Keywords: Indigenous, first-generation, lack of trust

Primary Characters

Linda (she, her, hers) is a recently divorced low-income indigenous woman. She has no trust in the academic and career advising office. She believes that her former advisor discriminated against her due to her heritage. She only worked for a few years and stayed home with her young children and has now returned to school to complete her education.

Nancy Whitehead (she, her, hers) is a white woman with a middle-class background. She is a seasoned academic advisor with a master’s degree in social work. Nancy was just hired to replace Linda’s previous advisor, but she has only worked in a small elite predominantly white institution.

Context and Case

Linda is a 26-year-old indigenous female who graduated high school at seventeen with a 3.82 GPA. She is a first-generation college student in a small liberal art public university in the southeastern United States who has returned to complete a degree she left eight years ago. She married her high school sweetheart, Tom who joined the United States Army immediately after their high school graduation. She dropped her classes while majoring in drama in a four-year institution because Tom told her that it was a waste of time. Instead, she decided to pursue cosmetology in a community college. Upon graduation, she worked in a dermatologist’s office doing aesthetics. These skills helped her earn a small income as she travelled around the world due to Tom’s military postings.

They have two daughters, and Linda is recently divorced.  She is raising her daughters alone because Tom has no interest in the girls. She has some family support from her parents who own an animal feed store, younger brother and sister, and Tom’s parents. Her parents’ flexible schedule allows them to assist with school pickups when she needs them to because they are proud of her and want her to stay focused in school. They also chose this major for her because they believe that she will be guaranteed a job upon graduation. cannot wait for her to graduate since she will be the first college graduate in their family and so that she can begin to earn a proper living. They do not support her poetry performances.

Her daughters miss their dad, but Linda’s efforts to get him to be a responsible father have been ignored. This depresses her when she sees how dedicated her sister’s husband is to his little girl. Linda noted that her previous advisor Dr. Whatley was always very impatient and dismissive with her and never gave her the time and acknowledgement that she gave her other advisees who did not look like her. Linda cannot relate with anyone at the center, and her previous experience is why she does not trust the advisors. However, she has decided to go to this appointment because she has been referred to Nancy, a new academic and career counselor, by her friend who told her that she benefited from an interaction with Nancy earlier that semester.

Linda is motivated to finish her degree to be a positive example for her daughters; however, she has changed her major a few times. Linda’s current major is Medical Laboratory Technology (MLT), and she chose it because her parents want her to have job security. She has stellar grades, but she is not looking forward to doing this type of work.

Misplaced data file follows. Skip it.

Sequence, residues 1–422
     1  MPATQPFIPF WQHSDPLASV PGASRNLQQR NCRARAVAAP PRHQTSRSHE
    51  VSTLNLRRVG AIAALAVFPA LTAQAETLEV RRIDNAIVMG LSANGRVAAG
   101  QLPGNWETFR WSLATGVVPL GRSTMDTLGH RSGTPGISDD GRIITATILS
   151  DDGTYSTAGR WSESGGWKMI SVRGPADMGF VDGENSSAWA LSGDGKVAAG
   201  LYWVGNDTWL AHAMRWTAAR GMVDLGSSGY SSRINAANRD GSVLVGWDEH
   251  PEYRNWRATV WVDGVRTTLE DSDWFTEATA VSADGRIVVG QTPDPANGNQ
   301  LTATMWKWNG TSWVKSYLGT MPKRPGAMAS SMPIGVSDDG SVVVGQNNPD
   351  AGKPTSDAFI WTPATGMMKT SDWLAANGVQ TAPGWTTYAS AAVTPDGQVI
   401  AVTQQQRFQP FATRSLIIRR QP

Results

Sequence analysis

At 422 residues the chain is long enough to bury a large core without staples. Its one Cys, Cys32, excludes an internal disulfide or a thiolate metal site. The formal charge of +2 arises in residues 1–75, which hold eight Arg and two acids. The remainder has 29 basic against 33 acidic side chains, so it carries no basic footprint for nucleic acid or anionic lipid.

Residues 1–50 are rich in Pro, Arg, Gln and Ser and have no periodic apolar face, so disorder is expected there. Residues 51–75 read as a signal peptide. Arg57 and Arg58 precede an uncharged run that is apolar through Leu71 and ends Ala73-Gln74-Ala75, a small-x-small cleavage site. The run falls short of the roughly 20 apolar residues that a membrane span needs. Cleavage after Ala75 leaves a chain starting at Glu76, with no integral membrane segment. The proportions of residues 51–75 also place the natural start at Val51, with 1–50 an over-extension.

During her appointment, Linda tells her advisor she is a poet and loves to perform. She also tells her that she is self-published using Amazon as her sales outlet and loves modeling and make-up as well as volunteering in the community with causes to support women. She also wants a career that will allow her time with her daughters and provide for them. Many years ago, she loved and dreamed of a career on stage and could still pursue it now that her husband is gone but she has given up on that ambition due to her parental obligations. She does not see herself working behind the scenes because she will be bored since she likes to socialize. However, as a highly motivated individual, she believes in a positive outcome for what she ultimately decides.

At the appointment, even though Nancy has never worked with a diverse student body, her caring nature makes her inquire about how Linda is coping with school, work, and her children. Linda tells her she is always tired and exhausted because she works round the clock, either studying or working, and cannot keep up with the kids. She is sad and breaks down crying saying that she cannot attend all her daughters’ soccer games and school meetings because of her own classes. Linda also shares her concerns about not getting many poetry opportunities because of her gender and race.

Nancy: Looking at your grades, you are doing very well in your classes.

Linda: Thank you.

Nancy: Based on everything that you have told me, is there any reason you would not want to pursue a business minor?

Linda: I am not sure. How will that help me if I finish the MLT program?

Nancy: You will be able to manage your side business should you decide to pursue writing or theatre full time.

Linda: I never thought of that. But I have dreamt of owning my own cosmetic line. What will my schedule look like and how will this fit in with my clinicals?

Nancy: First thing is I recommend that you visit Ms. Jessica at the Financial Aid office to discuss your financial aid situation. Since you have taken a lot of classes, your aid package could be affected.

Next, I want you to write down 10 things that you love, appreciate, and enjoy doing with your time and where you see yourself five years after graduation. I also want you to take a career assessment. This test will help you learn more about your personal interests and careers that match your interests. I will send you a link for the assessment. We will follow-up in two weeks.

Linda: Thank you so much for your help. I will be back in two weeks.

Discussion Questions

  1. What career and student development theories might help in understanding Linda’s career dilemma?
  2. What other interventions (beyond those already suggested by Nancy) might be effective to help Linda with her career exploration and decision making?
  3. How may Nancy help Linda take care of non-academic needs so that she can handle her diverse issues?
  4. How does Nancy’s multiculturalism assist in the relationship with Linda?

Author Bio

MarySheila Ebri (she, her, hers) is currently pursuing a master’s degree in academic advising at Kansas State University. She has worked in Higher Education for over 19 years in various roles. She is currently employed as the Transfer Student Specialist at Methodist University in Fayetteville, North Carolina.